A look ahead at the key events leading the news agenda next week, from the team at Foresight News. Delivered to your inbox on Fridays.
Leading the week
Party conference season kicks off this week as Labour’s annual gathering begins on Sunday (September 25) with Keir Starmer’s tribute to The Queen and the deputy leader’s speech from Angela Rayner. The cost of living emergency unsurprisingly looms large, and Shadow Chancellor Rachel Reeves’ speech on Monday (September 26) offers Labour’s first real opportunity to flesh out the detail of their long-term plan for navigating the crisis and offer a counterpoint to the ‘Plan for Growth’ Chancellor Kwasi Kwarteng announced today; Reeves’ immediate reaction suggested it’ll be a punchy response to the tax-cutting measures announced by her counterpart.
Starmer follows on Tuesday (September 27) with his leader’s speech, as he once again faces calls to define what a Labour government would look like even as the party shows consistent polling leads. Starmer often positioned himself as a serious, grown-up alternative to Boris Johnson, but will have to take on a new tactic with Liz Truss; there’s certainly a more ideological angle for him to focus on, and we’re likely to hear more than once that the new prime minister’s plans disproportionately benefit the rich. Elsewhere at the conference, Starmer will be under pressure from members to clarify the party’s stance on support for electoral reform and striking workers, the latter after clashes between the Labour leadership and its MPs over appearances on picket lines.
The question of Labour’s response to strikes will rear its head almost immediately as transport union members walk out across the country on Saturday (October 1), the day before the Conservative Party conference begins in Birmingham. After the unions suspended action planned for last month in the wake of The Queen’s death, thousands of staff will go on strike as part of long-running disputes over pay and job security. Services are expected to be disrupted nationwide as staff from Network Rail and the major train operating companies, represented by the RMT and Aslef unions, are joined by rail workers in London and Hull and bus staff in the South West; the week also sees walkouts in other sectors, including colleges on Monday (September 26), dock workers on Tuesday (September 27), Post Office staff on Wednesday (September 28) and Royal Mail on Friday (September 30).
Dealing with restive unions and tackling the long-term issue of wage stagnation would be a challenge for any government, but the pressure on Liz Truss and Kwasi Kwarteng to act on pay will only continue to grow as the cost of living crisis continues over the coming months, particularly as firms and arms-length bodies take matters into their own hands. With union leaders resolute on the prospect of industrial action continuing through the autumn and winter, the prime minister may need more than stern words to convince striking workers to abandon the picket line. The challenge facing many this winter will be underlined as the rail strike coincides with the energy price cap rise on Saturday (October 1). While the government will no doubt take the opportunity to highlight the Energy Price Guarantee that’s limiting the rise to an average of £2,500 per year and the £400 in support that will start paying out this month, the reality is that millions of families will still be facing increased bills alongside rising food prices, higher mortgage rates, double-digit inflation and a recession.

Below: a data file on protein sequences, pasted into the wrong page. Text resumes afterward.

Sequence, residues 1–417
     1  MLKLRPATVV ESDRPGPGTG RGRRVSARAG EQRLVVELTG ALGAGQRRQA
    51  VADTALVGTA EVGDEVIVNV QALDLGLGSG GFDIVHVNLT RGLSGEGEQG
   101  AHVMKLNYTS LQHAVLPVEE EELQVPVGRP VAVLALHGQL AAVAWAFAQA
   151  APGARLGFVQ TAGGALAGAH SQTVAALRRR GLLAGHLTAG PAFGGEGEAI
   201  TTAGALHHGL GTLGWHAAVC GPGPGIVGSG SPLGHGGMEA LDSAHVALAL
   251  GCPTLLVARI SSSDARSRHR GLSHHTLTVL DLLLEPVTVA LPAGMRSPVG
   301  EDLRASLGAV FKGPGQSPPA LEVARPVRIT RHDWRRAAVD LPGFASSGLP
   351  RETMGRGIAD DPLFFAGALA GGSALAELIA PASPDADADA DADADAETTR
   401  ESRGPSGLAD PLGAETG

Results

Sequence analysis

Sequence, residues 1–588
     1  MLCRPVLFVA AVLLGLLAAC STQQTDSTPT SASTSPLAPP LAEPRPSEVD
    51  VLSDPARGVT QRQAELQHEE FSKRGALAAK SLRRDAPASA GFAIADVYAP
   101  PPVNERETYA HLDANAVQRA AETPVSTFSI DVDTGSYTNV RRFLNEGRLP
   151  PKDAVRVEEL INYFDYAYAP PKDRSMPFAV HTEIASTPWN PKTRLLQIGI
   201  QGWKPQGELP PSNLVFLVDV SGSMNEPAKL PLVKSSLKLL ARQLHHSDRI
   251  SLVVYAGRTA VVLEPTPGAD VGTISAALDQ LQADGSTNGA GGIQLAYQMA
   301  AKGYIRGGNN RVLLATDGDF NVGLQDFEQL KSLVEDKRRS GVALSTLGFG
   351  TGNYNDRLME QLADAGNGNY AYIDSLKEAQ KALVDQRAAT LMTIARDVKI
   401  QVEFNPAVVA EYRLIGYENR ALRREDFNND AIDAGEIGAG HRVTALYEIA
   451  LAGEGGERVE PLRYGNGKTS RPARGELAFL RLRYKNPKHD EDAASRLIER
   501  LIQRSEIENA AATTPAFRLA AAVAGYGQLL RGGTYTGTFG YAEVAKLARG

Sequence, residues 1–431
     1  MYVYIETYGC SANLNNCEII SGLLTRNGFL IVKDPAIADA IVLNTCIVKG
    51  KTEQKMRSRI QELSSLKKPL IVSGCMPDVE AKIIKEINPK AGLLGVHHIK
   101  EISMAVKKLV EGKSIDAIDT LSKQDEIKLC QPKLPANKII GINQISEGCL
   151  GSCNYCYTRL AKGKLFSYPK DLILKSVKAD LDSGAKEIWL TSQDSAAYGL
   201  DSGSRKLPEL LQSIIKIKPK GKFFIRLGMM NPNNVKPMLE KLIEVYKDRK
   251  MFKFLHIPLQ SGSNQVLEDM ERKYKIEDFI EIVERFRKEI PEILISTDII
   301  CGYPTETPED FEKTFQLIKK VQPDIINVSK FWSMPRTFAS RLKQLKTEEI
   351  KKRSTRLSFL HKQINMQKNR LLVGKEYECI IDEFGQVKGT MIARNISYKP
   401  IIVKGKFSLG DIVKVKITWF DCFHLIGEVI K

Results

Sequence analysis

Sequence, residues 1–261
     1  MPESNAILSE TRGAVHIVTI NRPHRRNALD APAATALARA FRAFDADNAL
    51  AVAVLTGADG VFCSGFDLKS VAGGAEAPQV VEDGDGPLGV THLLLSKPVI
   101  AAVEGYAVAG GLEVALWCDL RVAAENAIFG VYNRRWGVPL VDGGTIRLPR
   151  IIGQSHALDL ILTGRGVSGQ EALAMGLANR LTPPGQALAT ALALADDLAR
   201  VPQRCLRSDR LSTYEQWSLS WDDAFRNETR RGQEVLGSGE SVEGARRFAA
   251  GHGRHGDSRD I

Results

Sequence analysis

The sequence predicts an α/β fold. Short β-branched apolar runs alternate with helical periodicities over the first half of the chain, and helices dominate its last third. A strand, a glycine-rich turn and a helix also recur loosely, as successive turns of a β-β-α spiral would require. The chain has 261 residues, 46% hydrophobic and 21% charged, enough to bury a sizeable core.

Hastily-organised referenda in four partly-Russian controlled areas of Ukraine on whether to come part of Russia are due to finish on Tuesday (September 27) with the results widely viewed as a foregone conclusion. The votes in the so-called Luhansk People’s Republic and Donetsk People’s Republics, and in Kherson and Zaporizhzhia, were announced in quick succession on September 20, a day before Russian President Vladimir Putin announced a partial military mobilisation amid significant territorial losses in Ukraine. Western leaders were quick to denounce the referenda as a sham but, coupled with Putin’s menacing language in his September 21 speech, they have reignited fears that Russia could make good on threats to deploy nuclear weapons to defend ‘Russian’ territory.
In Japan, a rare state funeral takes place on Tuesday (September 27) for former Prime Minister Shinzo Abe, who was shot on July 8 by an assassin allegedly motivated by a grudge against the South Korean-based Unification Church. The strong links that have subsequently emerged between members of Abe’s LDP party and the church have contributed to a growing controversy over the government’s decision to hold (and fund) a state funeral, with one man setting himself on fire at a protest earlier this week.
Brazilians head to the polls to choose their next president on Sunday (October 2), with leftist former president Luiz Inácio ‘Lula’ da Silva looking likely to defeat far-right incumbent Jair Bolsonaro, though the race may yet head to a runoff at the end of the month. There are fears that Bolsonaro, who has never shied away from comparisons to Donald Trump, could contest the results. He has spent months alleging, without evidence, that electronic voting machines in Brazil are prone to fraud and suggesting ominously that he and his supporters would be prepared to ‘go to war’ if needed.